Bagan Art

Bagan Art

Since the very early time of Bagan Art "Buddhist Art" is highly represented. 

Starting the artwork with some similarities to the reliefs of the stone fences the Indian stupas in Bharhut (2nd century BC), Sanchi (1st to 3rd century BC) and Amaravati (1st to 3rd centuries BC) show strong similarities. 

Bagan Mural Art

The objects of art were among other herons gannets ducks ants deers hares or long-horned bivalves owls peacocks or fantastic mollusks can be recognized. 
  • Creative Art in Bagan
Bagan Mural Painting    Bagan Sculpturing    Bagan Woodcarvings 

All flows into one another and yet acquires its own life forming a whimsical network of imagination and reality. Apart from the decorative function, the ornament also fulfills other tasks. 


It underscores the architecture of the temple interior, its constructive scheme by emphasizing every essential detail of the architecture - the vaults, the arches over the two entrances to the circulating gallery, and over the central entrance into the temple.

It marks and emphasizes every corner of the interior, framing the Buddhas sculpture and the gray Su-jet compositions that decorate the temple wall, meaning "organizing" the distribution of the paintings on the wall surfaces and on the ceiling according to the architecture of the interiors of the building. 

The paintings in the Kubyaukgyi temple at Wegyi in are related to the artistic style, the character and the role of the ornament in the overall system of the picturesque decor the temples of Thambula Lemyethna and Theinmazi, dating from the middle of the 13th century. These creations give a fairly clear idea of the new tendencies in the decorative painting of Bagan at the end of the 12th and beginning of the 13th century.

The image and architecture of the Stupa have a high rank in Bagan's artwork since it symbolized one of the four main events in the life of Gautama Buddha namely the Parinirvana the "Path to Nirvana of the Buddha immediately after his death. 

The image of a Stupa.

Images and buildings of stupas often symbolizing the death of Buddha the remains of Thayekhetaya Payagyi, Bawbawgyi and Payama, which have survived to the present day have been built in the 6th to 9th centuries and rose above the city walls in the immediate vicinity of the city (Pisseyan), the Kaunglaung, the Kaunglaung, the so-called Kaunglaung, which means "bell".

Bagan Wall Art

The Payagyi and Payama Stupa are crowned by a screen called the Burmese Hti And the Hti are also the three skin parts of the stupa of later times, as they were built during our whole days in the history of Burmese architecture. They are mostly stupas of great proportions, which reach a height of up to 40 meters and more. The stupas of Thayekhetaya attract particular attention through their form. This differs considerably from the Indian and Sinhala prototypes, which were built before and at the beginning of our time calculation.

The famous stupas of San-chi including Karla and Ajanta (India) and the stupas of Anuradhapura (Sri Lanka) with their hemispherical but slightly square shape resemble the long-drawn stupas of Thayekhetaya, Which according to previous knowledge have no analogies in the neighboring countries in no way.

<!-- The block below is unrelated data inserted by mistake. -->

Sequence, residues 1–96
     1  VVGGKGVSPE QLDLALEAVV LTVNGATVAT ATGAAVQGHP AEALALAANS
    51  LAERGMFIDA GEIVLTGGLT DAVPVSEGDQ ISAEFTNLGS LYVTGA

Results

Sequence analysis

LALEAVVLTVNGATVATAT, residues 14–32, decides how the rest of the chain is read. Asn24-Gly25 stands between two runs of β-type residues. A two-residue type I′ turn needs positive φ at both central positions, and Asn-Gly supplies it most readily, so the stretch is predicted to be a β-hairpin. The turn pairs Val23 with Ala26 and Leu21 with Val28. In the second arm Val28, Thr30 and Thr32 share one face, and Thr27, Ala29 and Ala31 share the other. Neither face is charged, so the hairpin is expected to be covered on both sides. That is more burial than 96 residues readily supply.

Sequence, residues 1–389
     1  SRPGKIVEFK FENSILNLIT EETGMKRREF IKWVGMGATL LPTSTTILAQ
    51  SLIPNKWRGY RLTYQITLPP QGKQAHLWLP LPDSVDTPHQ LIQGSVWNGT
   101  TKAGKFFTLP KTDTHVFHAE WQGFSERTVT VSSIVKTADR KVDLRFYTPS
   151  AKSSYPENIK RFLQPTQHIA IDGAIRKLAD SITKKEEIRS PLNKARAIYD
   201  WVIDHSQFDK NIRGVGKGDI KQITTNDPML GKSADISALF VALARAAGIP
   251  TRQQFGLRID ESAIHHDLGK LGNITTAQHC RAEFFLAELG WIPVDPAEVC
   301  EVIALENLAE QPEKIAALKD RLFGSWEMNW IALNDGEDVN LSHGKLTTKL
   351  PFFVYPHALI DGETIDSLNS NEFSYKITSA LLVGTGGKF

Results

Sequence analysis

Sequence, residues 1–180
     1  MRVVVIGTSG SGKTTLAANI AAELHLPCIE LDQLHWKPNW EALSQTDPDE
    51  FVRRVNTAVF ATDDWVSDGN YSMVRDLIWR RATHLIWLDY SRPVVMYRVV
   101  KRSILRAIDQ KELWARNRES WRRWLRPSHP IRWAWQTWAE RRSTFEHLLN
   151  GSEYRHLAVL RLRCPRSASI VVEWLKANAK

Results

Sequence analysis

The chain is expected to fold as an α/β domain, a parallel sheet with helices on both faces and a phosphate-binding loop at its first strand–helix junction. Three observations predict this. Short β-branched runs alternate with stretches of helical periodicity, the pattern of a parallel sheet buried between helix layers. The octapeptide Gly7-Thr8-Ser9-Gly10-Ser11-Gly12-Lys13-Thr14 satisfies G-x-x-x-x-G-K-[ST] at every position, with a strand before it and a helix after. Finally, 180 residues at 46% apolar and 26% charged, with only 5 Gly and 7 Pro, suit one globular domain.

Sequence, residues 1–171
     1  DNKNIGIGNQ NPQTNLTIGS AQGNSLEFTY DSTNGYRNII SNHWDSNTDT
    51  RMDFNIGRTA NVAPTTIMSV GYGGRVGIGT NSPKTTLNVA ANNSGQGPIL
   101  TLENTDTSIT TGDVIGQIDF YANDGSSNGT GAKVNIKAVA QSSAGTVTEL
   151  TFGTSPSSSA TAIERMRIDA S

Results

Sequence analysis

The art and architecture of Bagan.

The art and architecture of Bagan are an undoubtedly unique phenomenon there is no place in the world so densely populated with hundreds of architectural religious art monuments and building complexes that have also been erected in the relatively short period of about 250 years in the Middle Ages.  

At the same time, the culture of Bagan remains typical of medieval Buddhist architecture in general.  Combining a uniqueness and its unmistakable iconographic characteristics. It was deeply conservative and the evolution of the artistic style of Bagan can be traced mainly to subordinate details.
The objects of art were among other herons gannets ducks  ants deers hares, or long-horned bivalves, owls, peacocks, or fantastic mollusks can be recognized. 

All flows into one another and yet acquires its own life, forming a whimsical network of imagination and reality. Apart from the decorative function, the ornament also fulfills other tasks. It underscores the architecture of the temple interior, its constructive scheme by emphasizing every essential detail of the architecture - the vaults, the arches over the two entrances to the circulating gallery, and over the central entrance into the temple. 


It marks and emphasizes every corner of the interior, framing the Buddhas sculpture and the gray Su-jet compositions that decorate the temple wall, meaning "organizing" the distribution of the paintings on the wall surfaces and on the ceiling according to the architecture of the interiors of the building. 

The paintings in the Kubyaukgyi temple at Wegyi in are related to the artistic style, the character and the role of the ornament in the overall system of the picturesque decor, the temples of Thambula Lemyethna and Theinmazi, dating from the middle of the 13th century. These creations give a fairly clear idea of the new tendencies in the decorative painting of Bagan at the end of the 12th and beginning of the 13th century.

About Bagan wall paintings temples.

The ornamental motifs of the wall paintings were so prominent that they determined the overall character and the peculiarity of the picturesque decor. The forms of these ornamental paintings became lighter, more elegant, more complex, and more expressive. 


Exuberantly rich in figurative details, they testify to the high artistic mastery, the imagination, and the fine understanding of their creators for the laws of decorative art. The scenes from the jatakas attained a finished simplicity, the rich characteristic of the Bagan character being voluminous.

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